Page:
Etiquette and integrity are at the very heart of golf.
Golf etiquette refers to a set of rules and practices designed to make the game of golf safer and more enjoyable for golfers and to minimize possible damage to golf equipment and courses. Although many of these practices are not part of the formal rules of golf, golfers are customarily expected to observe them.
PRIOR TO PLAY
ON THE TEE
ON THE GREEN
Tips to avoid slow play
The number one problem in golf today, as evidenced by the overwhelming golfer complaint, is Slow Play. The following tips can help you always keep pace with the group in front of you.
The golf course, clubhouse, practice green and driving range are subject to the regulations below and it is expected that members and guests will utilize the facilities with a well-groomed appearance.
ACCEPTABLE ITEMS OF DRESS
UNACCEPTABLE ITEMS OF DRESS
Guests must be informed of dress requirements in advance to avoid embarrassment. All staff are advised to strictly enforce the above dress regulations and their judgement as to the suitability of attire shall be considered final.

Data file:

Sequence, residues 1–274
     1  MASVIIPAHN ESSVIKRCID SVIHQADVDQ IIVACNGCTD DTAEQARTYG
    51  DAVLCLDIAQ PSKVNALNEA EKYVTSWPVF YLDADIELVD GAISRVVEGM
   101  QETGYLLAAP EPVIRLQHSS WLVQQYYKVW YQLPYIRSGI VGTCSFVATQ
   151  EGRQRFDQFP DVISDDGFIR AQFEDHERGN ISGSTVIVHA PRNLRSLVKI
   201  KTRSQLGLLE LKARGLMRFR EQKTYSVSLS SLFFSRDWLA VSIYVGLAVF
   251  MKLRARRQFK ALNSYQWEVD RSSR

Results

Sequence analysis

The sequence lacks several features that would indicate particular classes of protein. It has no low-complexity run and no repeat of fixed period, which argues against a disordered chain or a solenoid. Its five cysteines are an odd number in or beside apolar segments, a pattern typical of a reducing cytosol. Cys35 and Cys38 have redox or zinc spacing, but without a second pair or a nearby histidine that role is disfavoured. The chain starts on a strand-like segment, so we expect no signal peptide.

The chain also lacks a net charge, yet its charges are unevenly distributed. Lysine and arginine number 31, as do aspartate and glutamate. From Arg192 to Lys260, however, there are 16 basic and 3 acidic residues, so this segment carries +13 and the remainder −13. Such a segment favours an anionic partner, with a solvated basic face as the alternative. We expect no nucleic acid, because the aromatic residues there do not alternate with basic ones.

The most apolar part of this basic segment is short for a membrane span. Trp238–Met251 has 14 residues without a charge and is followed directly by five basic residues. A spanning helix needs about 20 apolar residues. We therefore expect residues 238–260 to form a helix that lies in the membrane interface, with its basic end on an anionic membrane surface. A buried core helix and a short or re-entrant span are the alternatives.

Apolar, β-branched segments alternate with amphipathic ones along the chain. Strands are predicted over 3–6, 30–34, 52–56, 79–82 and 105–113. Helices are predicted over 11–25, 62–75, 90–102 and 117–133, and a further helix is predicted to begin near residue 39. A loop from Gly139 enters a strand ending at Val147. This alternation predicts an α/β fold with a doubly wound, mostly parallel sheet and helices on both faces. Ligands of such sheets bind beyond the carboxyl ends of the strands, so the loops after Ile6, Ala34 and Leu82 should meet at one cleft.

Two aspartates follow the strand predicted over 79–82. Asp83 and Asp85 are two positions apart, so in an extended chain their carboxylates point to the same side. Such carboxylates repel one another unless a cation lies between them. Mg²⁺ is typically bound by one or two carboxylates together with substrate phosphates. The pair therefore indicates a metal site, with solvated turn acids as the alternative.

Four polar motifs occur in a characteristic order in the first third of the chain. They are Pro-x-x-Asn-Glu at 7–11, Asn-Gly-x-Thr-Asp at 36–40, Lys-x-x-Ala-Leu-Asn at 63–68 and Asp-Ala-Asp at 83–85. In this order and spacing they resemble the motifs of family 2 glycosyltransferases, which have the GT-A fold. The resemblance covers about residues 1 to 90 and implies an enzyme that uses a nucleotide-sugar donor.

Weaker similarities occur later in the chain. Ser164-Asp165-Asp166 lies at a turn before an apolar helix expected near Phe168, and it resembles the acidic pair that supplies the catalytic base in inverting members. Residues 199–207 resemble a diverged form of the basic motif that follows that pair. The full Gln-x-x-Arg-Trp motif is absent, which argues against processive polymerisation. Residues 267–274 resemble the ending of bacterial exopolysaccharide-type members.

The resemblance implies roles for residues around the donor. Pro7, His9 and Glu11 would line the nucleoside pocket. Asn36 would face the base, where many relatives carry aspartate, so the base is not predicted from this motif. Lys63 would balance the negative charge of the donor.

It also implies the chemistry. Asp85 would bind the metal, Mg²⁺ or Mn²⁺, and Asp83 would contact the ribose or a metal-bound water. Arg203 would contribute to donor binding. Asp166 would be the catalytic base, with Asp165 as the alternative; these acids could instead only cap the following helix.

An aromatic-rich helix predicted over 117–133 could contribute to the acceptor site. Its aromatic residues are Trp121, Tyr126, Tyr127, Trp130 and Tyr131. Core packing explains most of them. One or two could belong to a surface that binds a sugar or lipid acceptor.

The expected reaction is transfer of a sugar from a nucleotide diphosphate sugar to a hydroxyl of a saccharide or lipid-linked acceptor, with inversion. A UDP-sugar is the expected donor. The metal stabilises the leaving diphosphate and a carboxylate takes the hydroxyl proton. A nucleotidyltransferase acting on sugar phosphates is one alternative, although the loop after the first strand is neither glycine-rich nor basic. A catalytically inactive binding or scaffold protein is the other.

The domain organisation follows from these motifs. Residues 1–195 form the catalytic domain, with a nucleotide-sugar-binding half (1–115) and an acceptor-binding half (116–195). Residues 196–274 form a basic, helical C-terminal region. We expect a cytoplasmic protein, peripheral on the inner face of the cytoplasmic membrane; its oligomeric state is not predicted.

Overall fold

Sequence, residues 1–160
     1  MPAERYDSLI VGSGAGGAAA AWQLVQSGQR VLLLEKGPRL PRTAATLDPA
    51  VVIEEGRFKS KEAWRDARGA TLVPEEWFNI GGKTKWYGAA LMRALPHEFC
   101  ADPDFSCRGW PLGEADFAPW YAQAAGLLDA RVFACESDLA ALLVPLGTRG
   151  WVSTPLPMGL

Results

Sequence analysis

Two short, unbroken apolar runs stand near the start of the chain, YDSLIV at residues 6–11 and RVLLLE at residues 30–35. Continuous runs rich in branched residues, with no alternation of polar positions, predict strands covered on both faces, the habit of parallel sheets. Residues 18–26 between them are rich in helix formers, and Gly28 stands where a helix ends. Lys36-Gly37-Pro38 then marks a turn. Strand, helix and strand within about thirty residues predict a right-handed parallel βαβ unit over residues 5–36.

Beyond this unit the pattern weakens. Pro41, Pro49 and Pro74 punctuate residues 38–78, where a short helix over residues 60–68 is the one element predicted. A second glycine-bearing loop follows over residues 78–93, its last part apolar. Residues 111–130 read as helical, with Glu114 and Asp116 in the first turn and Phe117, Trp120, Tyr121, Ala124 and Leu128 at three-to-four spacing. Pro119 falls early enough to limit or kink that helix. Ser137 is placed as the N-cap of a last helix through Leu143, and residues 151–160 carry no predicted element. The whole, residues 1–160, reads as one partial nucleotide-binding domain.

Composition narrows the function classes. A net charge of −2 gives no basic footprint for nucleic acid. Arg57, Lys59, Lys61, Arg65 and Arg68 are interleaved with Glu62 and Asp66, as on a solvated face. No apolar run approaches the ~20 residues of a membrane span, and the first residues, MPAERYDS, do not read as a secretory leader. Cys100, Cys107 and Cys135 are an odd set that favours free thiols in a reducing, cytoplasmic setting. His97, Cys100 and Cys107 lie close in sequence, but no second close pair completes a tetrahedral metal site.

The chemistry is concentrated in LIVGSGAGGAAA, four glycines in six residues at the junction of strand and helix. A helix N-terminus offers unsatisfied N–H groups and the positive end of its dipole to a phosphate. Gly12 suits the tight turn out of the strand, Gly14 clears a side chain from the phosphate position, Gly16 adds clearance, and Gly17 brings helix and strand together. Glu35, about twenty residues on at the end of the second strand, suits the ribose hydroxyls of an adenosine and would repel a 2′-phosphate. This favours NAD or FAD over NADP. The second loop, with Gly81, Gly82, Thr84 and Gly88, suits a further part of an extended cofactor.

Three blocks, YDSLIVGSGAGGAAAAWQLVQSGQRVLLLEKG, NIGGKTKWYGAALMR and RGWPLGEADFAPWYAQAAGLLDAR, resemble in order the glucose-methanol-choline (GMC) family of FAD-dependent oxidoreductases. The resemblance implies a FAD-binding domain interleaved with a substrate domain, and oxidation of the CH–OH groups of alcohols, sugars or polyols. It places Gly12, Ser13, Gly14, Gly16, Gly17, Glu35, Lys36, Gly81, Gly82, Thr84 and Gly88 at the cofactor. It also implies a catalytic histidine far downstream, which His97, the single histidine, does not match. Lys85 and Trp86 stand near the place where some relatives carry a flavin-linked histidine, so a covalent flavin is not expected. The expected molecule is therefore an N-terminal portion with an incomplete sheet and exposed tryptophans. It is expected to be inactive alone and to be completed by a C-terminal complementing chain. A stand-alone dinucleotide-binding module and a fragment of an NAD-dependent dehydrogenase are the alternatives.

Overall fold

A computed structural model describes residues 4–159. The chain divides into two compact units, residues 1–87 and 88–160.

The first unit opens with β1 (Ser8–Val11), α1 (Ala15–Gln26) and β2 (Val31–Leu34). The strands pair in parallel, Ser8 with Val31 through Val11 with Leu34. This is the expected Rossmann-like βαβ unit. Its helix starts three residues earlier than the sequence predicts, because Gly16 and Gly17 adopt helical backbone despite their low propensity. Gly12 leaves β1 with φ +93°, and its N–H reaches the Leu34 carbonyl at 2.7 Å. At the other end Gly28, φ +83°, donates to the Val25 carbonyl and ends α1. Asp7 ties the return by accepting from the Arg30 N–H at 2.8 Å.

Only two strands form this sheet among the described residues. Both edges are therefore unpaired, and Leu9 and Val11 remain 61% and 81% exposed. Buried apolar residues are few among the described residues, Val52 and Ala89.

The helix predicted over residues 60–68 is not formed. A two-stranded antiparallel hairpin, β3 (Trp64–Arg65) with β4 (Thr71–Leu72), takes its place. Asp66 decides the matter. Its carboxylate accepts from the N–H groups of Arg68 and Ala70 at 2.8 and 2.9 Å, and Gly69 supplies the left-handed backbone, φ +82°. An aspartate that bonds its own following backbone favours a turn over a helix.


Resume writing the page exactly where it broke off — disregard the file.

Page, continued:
Before leaving a bunker, a player should carefully fill up and smooth over all holes and footprints made by him, and then leave the rake with the handle pointing toward the tee of the hole being played.
Flagsticks, Bags etc. Players should ensure that neither they nor their caddies damage the hole by standing close to it in handling the flagstick or in removing the ball from the hole. The flagstick should be properly replaced in the hole before the players leave the putting green.
Removing the Ball
Players are requested to NOT to use their putter to remove their golf ball from the hole.
Speed of play
All players should take responsibility for the speed of play in their group, not just the low marker. Your position should always be immediately behind the team ahead and not immediately Infront of the team behind. Please consider the following when on the course
Numerous practice swings, lengthy delays in lining up putts, pacing out distances prior to club selection, and viewing putts from all points of the compass are not sensible practices for the average golfer. If you are concerned about your ability to keep up in a field, consider playing at the end of the field.